Stainless steel may have first been created in ancient Persia during the 11th century — 1,000 years before it was first made in Sheffield, the Steel City.
Sheffield has a proud history as a northern powerhouse and it is all based on a formidable metal industry, bolstered by its 'invention' of stainless steel in 1913.
Stainless steel is defined as an alloy of iron and chromium and by modern standards, must contain at least 10.5 per cent chromium.
But a new study found evidence in modern-day Iran of steel deliberately forged with chromium, at approximately one per cent.
This picture shows slag adhering to the side of a piece of a crucible. It was found at the site of Chahak, in Fars province, southern Iran. Analysis of this revealed it contained chromium, the first known use of it to make a steel alloy
Although the medieval methods left the metal unable to reach the high standards of today, the addition of chromium would have been substantial,researchers believe.
Just like modern-day stainless steel, where the chromium provides an anti-corrosive layer, the Persian steel would have obtained a protective coat.
Researchers from UCL tracked down the archaeological site where the chromium steel was made with the help of historical manuscripts.
They speak of a once famous steel production centre called Chahak.
Sheffield was famous for its cutlery long before it became Steel City.
By the early modern period Hallamshire cutlers were importing steel from the Continent.
The earliest reference to steel making in South Yorkshire is from 1642.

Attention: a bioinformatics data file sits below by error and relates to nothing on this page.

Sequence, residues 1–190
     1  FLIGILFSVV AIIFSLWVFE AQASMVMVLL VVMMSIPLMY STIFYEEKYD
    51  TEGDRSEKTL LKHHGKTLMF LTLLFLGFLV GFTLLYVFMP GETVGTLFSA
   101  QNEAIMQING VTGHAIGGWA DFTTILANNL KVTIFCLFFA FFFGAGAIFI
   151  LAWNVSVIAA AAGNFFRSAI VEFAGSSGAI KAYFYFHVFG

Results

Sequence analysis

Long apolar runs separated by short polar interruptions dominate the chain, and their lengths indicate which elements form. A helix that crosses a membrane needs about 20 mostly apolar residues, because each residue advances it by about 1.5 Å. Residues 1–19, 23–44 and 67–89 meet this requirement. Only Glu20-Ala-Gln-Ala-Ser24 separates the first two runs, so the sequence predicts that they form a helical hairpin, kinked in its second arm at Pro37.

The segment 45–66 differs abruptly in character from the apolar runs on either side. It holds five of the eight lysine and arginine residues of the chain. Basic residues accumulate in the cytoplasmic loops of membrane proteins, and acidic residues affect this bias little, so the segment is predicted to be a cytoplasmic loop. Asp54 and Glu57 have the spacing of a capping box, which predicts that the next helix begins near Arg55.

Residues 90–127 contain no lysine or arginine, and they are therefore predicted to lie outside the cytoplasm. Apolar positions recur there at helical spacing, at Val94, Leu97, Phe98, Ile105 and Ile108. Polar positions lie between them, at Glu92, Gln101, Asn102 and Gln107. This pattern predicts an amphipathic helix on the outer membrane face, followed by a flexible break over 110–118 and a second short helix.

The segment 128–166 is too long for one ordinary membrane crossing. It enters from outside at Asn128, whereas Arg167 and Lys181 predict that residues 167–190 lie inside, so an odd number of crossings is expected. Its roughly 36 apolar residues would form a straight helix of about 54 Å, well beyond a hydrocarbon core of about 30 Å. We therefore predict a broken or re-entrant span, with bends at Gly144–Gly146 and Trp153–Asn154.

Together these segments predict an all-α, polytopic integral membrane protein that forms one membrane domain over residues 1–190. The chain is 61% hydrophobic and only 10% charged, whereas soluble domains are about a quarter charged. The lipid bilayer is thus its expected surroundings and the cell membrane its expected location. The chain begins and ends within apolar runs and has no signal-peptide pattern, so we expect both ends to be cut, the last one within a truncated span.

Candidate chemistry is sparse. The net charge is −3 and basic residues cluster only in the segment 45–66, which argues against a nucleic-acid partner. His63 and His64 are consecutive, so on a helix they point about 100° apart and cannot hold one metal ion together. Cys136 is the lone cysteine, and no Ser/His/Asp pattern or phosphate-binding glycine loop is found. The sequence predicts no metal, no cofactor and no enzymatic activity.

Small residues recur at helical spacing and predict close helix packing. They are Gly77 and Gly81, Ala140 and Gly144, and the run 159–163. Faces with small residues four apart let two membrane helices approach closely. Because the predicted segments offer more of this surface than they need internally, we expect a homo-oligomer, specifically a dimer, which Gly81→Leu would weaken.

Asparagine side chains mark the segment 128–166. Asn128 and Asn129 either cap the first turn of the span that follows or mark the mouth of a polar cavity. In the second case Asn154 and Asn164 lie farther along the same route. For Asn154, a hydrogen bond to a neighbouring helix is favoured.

The Sheffield steelmaking district had little or no reputation outside the area before Benjamin Huntsman invented crucible steel in 1742.
The early steelmakers simply supplied the cutlers, but by the mid nineteenth century nearly half the European output of steel was made in the Sheffield district.
The population of Sheffield grew from 14,531 in 1736 to 135,310 in 1851.
Yet the scale of the steel industry in the classic period of the Industrial Revolution was still small compared with that of Victorian times, and it depended on the handicraft skills of its workers.
A new era began in 1837 with the giant steel works of the East End, which soon used Bessemer converters to manufacture railway rolling stock and then armaments.
The cutlers were no longer the major customers of the steelmen.
At the end of the nineteenth century Sheffield remained the leading world centre for special steels, and its population had risen to over 400,000.
Source: David Hey
However, the physical location of the site remained a mystery, hindered by the fact many current villages in Iran are called Chahak.
But researchers tracked down the most likely location as Chahak, in Fars province, a village only known for agriculture, not archaeology.